CRC has sharply reduced production in recent months as it sought to slash costs low enough just to maintain “mechanical integrity” of its field operations, according to SEC filings. No employees are currently furloughed, said Thompson.

WhileCRC has been hemorrhaging cash, The Desert Sun and the Ventura County Star also revealed that the petroleum company spent $825,000 in March Ventura County board of supervisors races in a jurisdiction where CRC drills. CRC’s efforts succeeded in one of two elections.

Oil and gas company bankruptcies have been rising in recent years, and the demand downturn caused by business closures and stay-at-home orders has only exacerbated the issue. According to law firm Haynes and Boone, LLP, which tracks the energy sector’s bankruptcy filings, 23 oil and gas companies went bankrupt in North America in the first half of this year alone.

“It is reasonable to expect that a substantial number of producers will continue to seek protection from creditors in bankruptcy even if oil prices recover over the next few months,” the law firm predicted in a late-June report. However, with a glut in oil reserves, still-low commodity prices and only minimal near-term demand growth predicted, the return of oil markets anytime soon appears unlikely.

Taxpayers left with the headache

Taxpayers could also be saddled with major cleanup costs for idle and orphan wells if CRC’s efforts to reorganize do not succeed or if other companies fail.

“Bankruptcy proceedings like these are a threat to California because oil companies like CRC try to weaponize them to dump their environmental cleanup costs on the public,” said Kassie Siegel, an attorney at the Center for Biological Diversity. “Given the huge number of wells at stake, the Newsom administration has to intervene quickly to protect the public and our environment.”

Two new California laws aimed at increasing state regulators’ ability to hold petroleum companies accountable for the costs of plugging and cleaning up their wells could get their first real test with the CRC restructuring. According to its own math, CRC has roughly $500 million in environmental cleanup costs. Based on the average cost of plugging wells as defined by the California Council on Science and Technology, the true number may be much higher.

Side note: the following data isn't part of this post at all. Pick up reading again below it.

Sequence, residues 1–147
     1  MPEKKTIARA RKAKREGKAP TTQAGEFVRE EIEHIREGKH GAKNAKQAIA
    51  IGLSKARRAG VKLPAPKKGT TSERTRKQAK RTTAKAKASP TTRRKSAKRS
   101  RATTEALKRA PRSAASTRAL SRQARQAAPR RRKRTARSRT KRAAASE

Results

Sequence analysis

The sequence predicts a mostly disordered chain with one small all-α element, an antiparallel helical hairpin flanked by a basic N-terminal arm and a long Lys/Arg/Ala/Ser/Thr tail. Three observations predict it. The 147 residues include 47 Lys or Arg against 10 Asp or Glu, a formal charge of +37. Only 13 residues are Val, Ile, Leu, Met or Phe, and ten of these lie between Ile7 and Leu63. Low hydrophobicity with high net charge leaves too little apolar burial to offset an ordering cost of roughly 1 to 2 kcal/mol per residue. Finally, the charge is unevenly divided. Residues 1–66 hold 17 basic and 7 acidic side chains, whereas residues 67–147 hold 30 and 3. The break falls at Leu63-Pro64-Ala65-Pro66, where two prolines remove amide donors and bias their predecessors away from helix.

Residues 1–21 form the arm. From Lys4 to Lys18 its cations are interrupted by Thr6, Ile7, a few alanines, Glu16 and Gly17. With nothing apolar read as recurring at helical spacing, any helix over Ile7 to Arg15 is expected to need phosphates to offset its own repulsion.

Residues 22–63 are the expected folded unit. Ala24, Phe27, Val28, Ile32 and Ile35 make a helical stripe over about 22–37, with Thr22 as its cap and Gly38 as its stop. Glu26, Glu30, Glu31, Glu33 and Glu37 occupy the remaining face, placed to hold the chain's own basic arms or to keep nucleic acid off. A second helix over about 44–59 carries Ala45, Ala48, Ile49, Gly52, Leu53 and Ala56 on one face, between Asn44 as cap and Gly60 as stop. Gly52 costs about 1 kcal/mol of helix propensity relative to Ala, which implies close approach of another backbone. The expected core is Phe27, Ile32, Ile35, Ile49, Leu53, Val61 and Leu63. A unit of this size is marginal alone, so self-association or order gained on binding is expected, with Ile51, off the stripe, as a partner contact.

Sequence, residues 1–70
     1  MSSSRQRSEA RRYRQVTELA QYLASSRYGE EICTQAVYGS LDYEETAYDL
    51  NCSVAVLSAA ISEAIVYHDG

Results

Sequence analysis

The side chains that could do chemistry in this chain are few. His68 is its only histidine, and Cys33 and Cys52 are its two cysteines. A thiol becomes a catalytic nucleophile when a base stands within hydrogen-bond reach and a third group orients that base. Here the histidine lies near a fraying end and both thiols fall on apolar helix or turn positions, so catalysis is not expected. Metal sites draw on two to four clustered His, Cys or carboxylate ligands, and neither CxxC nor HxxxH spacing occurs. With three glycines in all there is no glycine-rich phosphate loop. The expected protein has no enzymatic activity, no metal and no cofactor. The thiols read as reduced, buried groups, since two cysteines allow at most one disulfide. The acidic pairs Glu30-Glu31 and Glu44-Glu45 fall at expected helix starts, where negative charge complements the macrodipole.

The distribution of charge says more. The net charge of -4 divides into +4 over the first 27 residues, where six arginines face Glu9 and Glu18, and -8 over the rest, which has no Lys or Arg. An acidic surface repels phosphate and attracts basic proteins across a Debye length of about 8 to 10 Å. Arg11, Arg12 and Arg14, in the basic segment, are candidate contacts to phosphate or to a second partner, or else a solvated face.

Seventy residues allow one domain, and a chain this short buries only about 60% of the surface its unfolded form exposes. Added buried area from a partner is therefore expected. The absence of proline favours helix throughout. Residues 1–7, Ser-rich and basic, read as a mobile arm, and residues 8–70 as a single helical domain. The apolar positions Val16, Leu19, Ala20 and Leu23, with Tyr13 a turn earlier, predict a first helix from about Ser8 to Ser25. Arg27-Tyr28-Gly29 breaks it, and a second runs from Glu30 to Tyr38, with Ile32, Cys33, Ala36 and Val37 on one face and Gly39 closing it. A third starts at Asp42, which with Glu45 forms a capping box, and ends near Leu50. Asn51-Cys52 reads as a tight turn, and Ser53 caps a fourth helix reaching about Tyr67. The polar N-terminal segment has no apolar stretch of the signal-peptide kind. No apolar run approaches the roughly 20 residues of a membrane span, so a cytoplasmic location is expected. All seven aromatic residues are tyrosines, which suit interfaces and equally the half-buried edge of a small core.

State officials said they had been preparing for a CRC bankruptcy for months based on published reports of the company’s spiraling financials and high levels of debt and cleanup liabilities. If CRC is ultimately unable to pay for its own reclamation, California has the legal ability to seek payments from the immediate preceding owner. That would be Occidental, which is facing its own fiscal woes.

Although CRC has the second-most idled wells of any company operating in the state, all its wells and facilities are currently in full compliance with state laws, according to state oil regulators. The company made its required $3 million payment for idle well costs on time in May to the state.

CRC made a partial payment on interest owed to funders last month but had faced another $74 million in payments due in June 2021 to JPMorgan Chase, Bank of America and other lenders.

In addition to its thousands of unplugged onshore wells, CRC is also partly responsible for eventual cleanup costs of unique oil production facilities on state-owned tidal lands that are managed by the city of Long Beach.

A state trust fund for cleanup there holds about $300 million. However, it needed an estimated $900 million as of Jan. 1, leaving a $600 million gap. Legislation failed in recent years to require greater contributions to the fund. Long Beach has about $180 million in its own post-production fund.

There is extra urgency to maintain or properly close wells in the Long Beach tidelands because the city suffered subsidence as much as 2 feet per year until the 1950s due to fluid extraction. It was once known as the “Sinking City by the Sea.”

City and state officials said subsidence is closely monitored and is nearly nonexistent because proper pressures are maintained in the wells at all times, in essence keeping downtown properly afloat. If oil operations ceased, they said that the worst-case scenario could be avoided by continually injecting water into the idle wells.

State Lands Commission attorneys were also working with CRC this spring to try to structure payments into a trust for the eventual cleanup of Huntington Beach wells. Earlier this year, Thompson said CRC across all its subsidiaries had more than $80 million to pay for its cleanup around the state.